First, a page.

Government of South Africa
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Politics and government of
The Republic of South Africa is a constitutional democracy with a federally structured, three-tier system of government and an independent judiciary, operating in a nearly unique system that combines aspects of parliamentary and presidential systems. Legislative authority is held by the Parliament of South Africa. Executive authority is vested in the President of South Africa who is head of state and head of government, and his Cabinet. The President is elected from the Parliament to serve a fixed term. South Africa's government differs greatly from those of other Commonwealth nations. The national, provincial and local levels of government all have legislative and executive authority in their own spheres, and are defined in the South African Constitution as "distinctive, interdependent and interrelated".
Operating at both national and provincial levels ("spheres") are advisory bodies drawn from South Africa's traditional leaders. It is a stated intention in the Constitution that the country be run on a system of co-operative governance.
The national government is composed of three inter-connected branches:
- Legislative: Parliament, consisting of the National Assembly and the National Council of Provinces
- Executive: The President, who is both Head of State and Head of Government
- Judicial: The Constitutional Court, the Supreme Court of Appeal, and the High Court
All bodies of the South African government are subject to the rule of the Constitution, which is the supreme law in South Africa.
The bicameral Parliament of South Africa makes up the legislative branch of the national government. It consists of the National Assembly, the lower house, and the National Council of Provinces, the upper house. The National Assembly consists of 400 members elected by popular vote using a system of party-list proportional representation. Half of the members are elected from parties' provincial lists and the other half from national lists.
Following the implementation of the new constitution on 3 February 1997 the National Council of Provinces replaced the former Senate with essentially no change in membership and party affiliations, although the new institution's responsibilities have been changed; with the body now having special powers to protect regional interests, including the safeguarding of cultural and linguistic traditions among ethnic minorities. In ordinary legislation, the two chambers have coordinate powers, but all proposals for appropriating revenue or imposing taxes must be introduced in the National Assembly.
Under the prevailing Westminster system, the leader of the political party or coalition of parties that wins a majority of the seats in the National Assembly is named President. The President and the Ministers are responsible to the Parliament, of which they must be elected members. General elections are held at least once every five years. The last general election was held on 22 April 2009.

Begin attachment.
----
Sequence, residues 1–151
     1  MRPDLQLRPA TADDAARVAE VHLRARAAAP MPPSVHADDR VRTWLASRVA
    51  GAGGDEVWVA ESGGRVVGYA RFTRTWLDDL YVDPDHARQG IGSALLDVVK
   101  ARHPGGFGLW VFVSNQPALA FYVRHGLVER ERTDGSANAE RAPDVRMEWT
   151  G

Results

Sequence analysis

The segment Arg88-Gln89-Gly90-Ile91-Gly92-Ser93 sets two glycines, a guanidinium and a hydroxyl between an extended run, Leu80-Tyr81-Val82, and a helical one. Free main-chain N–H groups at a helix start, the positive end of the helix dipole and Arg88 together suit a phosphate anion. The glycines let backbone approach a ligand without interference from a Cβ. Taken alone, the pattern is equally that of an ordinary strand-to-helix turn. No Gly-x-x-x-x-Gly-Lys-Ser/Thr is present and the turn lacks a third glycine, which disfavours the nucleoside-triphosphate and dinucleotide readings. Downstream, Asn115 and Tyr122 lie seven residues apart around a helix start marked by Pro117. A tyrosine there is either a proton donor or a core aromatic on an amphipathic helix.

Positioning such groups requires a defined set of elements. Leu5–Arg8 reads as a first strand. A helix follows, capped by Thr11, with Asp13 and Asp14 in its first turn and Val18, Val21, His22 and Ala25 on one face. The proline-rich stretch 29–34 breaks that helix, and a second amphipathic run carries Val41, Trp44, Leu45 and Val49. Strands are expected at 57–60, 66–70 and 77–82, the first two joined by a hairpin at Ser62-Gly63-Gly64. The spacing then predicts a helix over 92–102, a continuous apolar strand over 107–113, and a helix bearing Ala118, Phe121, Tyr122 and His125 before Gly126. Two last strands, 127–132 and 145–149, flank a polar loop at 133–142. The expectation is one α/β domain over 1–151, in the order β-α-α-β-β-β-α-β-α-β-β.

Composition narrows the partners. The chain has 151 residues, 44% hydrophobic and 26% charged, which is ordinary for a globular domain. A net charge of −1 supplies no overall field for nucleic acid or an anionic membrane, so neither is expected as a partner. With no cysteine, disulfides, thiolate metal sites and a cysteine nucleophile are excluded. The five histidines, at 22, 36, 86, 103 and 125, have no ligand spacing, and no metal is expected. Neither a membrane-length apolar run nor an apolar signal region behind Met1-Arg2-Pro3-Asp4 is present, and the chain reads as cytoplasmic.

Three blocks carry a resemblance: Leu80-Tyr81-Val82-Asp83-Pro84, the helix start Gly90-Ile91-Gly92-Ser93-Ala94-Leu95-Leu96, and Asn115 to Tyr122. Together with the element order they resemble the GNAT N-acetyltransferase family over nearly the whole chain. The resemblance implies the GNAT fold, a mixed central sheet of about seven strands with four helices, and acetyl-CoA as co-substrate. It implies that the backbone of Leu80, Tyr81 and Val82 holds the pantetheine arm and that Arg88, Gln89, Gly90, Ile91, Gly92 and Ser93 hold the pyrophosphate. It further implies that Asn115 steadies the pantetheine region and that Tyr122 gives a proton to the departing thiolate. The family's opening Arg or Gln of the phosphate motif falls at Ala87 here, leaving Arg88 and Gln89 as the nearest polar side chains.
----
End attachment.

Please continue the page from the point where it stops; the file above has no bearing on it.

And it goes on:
The President, Deputy President and the Ministers make up the executive branch of the national government. Ministers are Members of Parliament who are appointed by the President to head the various departments of the national government. The ministers individually, and the Cabinet collectively, are accountable to Parliament for their actions.
Each minister is responsible for one or more departments, and some ministers have a deputy minister to whom they delegate some responsibility. The portfolios, incumbent ministers and deputies, and departments are shown in the following table.
The third branch of the national government is an independent judiciary. The judicial branch interprets the laws, using as a basis the laws as enacted and explanatory statements made in the Legislature during the enactment. The legal system is based on Roman-Dutch law and English common law and accepts compulsory ICJ jurisdiction, with reservations. The constitution's bill of rights provides for due process including the right to a fair, public trial within a reasonable time of being charged and the right to appeal to a higher court. To achieve this, there are four major tiers of courts:
- Magistrates' Courts – The court where civil cases involving less than R100 000, and cases involving minor crimes, are heard.
- High Courts – The court of appeal for cases from the magistrates courts, as well as the court where major civil and criminal cases are first heard.
- Supreme Court of Appeal – The final court of appeal for matters not pertaining to the constitution.
- Constitutional Court – The final court of appeal for matters related to the constitution
In addition provision is made in the constitution for other courts established by or recognized in terms of an Act of Parliament.
Provincial government 
Local government 
In each parliament, the major party holding a majority forms the Government. The major party not holding a majority forms the Opposition.